The Belgian population has always shown strong opposition towards nuclear weapons. In 1984 the largest national protests ever took place in Brussels. Together with people all over the world 400,000 people came to the capital to protest the nuclear arms race and the installation of new nuclear missiles in Europe and Belgium.

Several peace organisations across Belgium organized themselves in a Coaliton against Nuclear Weapons. The Coalition tries to aim outside their own circles with trade unions and other civil society actors also being members of the platform. Through activities with the public, organizinig of demonstrations, sharing of petitions, civil disobedience actions they have managed to bring the issue back on the political agenda.

Today, almost 40 years after 1984, we still see strong opposition towards nuclear weapons. A couple of years back a petition to urge the government not to buy 34 F35 fighter jets with a nuclear capacity was signed by more than 35,000 people. According to a poll by YouGov in November 2020 a majority of the Belgian population wants the B61’s to be gone from Kleine Brogel. Even stronger is the support for the TPNW with 77% of Belgians wanting their government to sign the treaty. Despite corona restrictions people went celebrating in front of the Ministry of Foreign Affairs to announce the entry into force of the treaty in January 2021. Moreover one of the biggest Belgian banks announced that it would not be investing in any nuclear weapons activities anymore.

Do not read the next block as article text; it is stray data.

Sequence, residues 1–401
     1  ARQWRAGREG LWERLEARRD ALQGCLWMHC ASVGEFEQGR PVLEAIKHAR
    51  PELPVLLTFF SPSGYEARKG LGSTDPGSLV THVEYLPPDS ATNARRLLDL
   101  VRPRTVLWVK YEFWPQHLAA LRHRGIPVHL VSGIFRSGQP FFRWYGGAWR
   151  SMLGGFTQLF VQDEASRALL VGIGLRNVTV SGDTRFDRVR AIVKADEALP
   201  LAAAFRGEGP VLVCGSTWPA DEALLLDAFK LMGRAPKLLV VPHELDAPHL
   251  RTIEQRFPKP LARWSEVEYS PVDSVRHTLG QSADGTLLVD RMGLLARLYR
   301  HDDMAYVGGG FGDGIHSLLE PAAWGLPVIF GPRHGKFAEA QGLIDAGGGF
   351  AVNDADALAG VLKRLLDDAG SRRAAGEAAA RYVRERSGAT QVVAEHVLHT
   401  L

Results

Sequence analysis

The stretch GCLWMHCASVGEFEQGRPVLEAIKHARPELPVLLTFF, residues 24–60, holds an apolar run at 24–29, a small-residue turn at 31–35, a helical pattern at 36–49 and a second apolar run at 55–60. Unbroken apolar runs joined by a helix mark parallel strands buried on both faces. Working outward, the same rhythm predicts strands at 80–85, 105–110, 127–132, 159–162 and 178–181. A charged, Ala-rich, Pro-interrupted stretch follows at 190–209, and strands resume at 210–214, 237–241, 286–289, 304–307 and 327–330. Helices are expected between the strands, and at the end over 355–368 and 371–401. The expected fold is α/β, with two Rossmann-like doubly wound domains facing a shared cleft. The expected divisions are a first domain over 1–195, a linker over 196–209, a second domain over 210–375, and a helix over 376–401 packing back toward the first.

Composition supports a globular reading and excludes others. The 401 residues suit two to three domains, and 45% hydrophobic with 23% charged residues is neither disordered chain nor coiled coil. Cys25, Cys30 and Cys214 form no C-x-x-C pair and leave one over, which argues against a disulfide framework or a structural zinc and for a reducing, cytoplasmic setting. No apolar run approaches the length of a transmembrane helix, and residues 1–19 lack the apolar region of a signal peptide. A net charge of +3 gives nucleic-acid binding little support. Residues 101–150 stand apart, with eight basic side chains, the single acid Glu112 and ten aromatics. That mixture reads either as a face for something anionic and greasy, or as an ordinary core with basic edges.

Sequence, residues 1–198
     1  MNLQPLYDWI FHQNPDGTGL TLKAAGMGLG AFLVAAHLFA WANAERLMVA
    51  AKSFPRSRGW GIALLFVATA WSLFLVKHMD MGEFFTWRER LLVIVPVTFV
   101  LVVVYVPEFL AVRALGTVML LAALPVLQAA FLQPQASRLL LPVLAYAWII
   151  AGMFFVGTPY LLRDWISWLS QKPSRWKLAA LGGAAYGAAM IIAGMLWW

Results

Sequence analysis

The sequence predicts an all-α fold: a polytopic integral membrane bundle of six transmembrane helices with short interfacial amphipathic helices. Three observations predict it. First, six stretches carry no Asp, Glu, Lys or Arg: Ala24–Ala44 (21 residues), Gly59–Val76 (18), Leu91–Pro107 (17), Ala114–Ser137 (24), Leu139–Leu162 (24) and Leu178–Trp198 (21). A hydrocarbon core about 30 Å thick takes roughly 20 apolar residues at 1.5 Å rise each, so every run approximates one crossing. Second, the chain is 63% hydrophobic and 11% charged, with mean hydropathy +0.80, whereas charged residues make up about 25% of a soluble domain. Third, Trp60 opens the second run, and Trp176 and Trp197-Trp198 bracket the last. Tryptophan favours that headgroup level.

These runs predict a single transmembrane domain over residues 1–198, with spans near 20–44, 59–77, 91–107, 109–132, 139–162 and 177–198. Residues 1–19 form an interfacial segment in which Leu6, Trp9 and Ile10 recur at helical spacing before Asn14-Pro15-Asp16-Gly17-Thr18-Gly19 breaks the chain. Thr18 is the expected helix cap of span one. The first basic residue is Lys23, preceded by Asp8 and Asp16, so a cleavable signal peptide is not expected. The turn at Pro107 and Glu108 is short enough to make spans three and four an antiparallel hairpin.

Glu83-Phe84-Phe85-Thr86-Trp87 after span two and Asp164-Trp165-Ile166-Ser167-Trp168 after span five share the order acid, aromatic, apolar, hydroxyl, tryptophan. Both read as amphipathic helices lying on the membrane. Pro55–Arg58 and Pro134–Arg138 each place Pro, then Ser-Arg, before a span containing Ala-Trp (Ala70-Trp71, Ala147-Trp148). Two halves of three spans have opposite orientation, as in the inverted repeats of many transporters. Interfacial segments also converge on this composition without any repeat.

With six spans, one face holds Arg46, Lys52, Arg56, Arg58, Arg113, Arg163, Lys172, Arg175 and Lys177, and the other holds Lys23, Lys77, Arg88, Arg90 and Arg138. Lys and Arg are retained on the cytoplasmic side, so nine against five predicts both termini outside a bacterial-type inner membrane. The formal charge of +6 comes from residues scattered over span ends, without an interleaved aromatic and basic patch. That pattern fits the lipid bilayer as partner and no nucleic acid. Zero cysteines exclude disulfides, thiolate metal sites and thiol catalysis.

Renewed hope

The pressure coming from NATO is not to be underestimated, but the first cracks are starting to show mainly due to the actions of two hosting nations. The Netherlands, under pressure from the Dutch public and civil society, was the only NATO state present during the TPNW negotiations in 2017. More recently the new Belgian government decided to “examine how to strengthen the multilateral non-proliferation framework and how the U.N. Treaty on the Prohibition of Nuclear Weapons can give new impetus to multilateral nuclear disarmament”[1]. Clearly, the populations of NATO hosting states do no longer agree with the status quo.

It is therefore important that the anti-nuclear movement works together across borders to unite forces. On 26 September, the International Day for the Total Elimination of Nuclear Weapons, we gather with Belgian, Dutch and German activists to form a human chain around the Kleine Brogel airbase. Our message will be loud and clear: the B61’s in Europe are illegal! We want a nuclear weapons free zone in Europe. The action will be echoed by activists in Italy and the UK.


Merel Selleslach works with Pax Christi Vlaanderen on nuclear disarmament, autonomous weapon systems and topics related with international peace and security. As such she is an active member of the Belgian anti-nuclear movement.

[1] Belgian government declaration, 30 September 2020

Anmerkung: Dieser Artikel ist im Friedensforum in einer übersetzten Version auf Deutsch erschienen.
Note: This article is published in the magazine Peace Forum in a translated version in German.



Friedensbewegung international
Merel Selleslach arbeitet bei Pax Christi Vlaanderen zu nuklearer Abrüstung, autonomen Waffensystemen und Themen im Zusammenhang mit internationalem Frieden und Sicherheit. Als solche ist sie ein aktives Mitglied der belgischen Anti-Atomkraft-Bewegung.